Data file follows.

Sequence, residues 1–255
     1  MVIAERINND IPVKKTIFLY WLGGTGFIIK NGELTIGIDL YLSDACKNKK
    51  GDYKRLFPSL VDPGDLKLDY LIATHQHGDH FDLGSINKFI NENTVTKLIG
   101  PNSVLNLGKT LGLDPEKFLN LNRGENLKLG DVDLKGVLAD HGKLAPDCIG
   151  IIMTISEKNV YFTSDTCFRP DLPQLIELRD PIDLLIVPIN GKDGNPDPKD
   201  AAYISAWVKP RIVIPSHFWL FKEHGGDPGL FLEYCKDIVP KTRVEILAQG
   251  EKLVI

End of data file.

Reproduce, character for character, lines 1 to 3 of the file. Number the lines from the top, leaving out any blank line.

Sequence, residues 1–255
     1  MVIAERINND IPVKKTIFLY WLGGTGFIIK NGELTIGIDL YLSDACKNKK
    51  GDYKRLFPSL VDPGDLKLDY LIATHQHGDH FDLGSINKFI NENTVTKLIG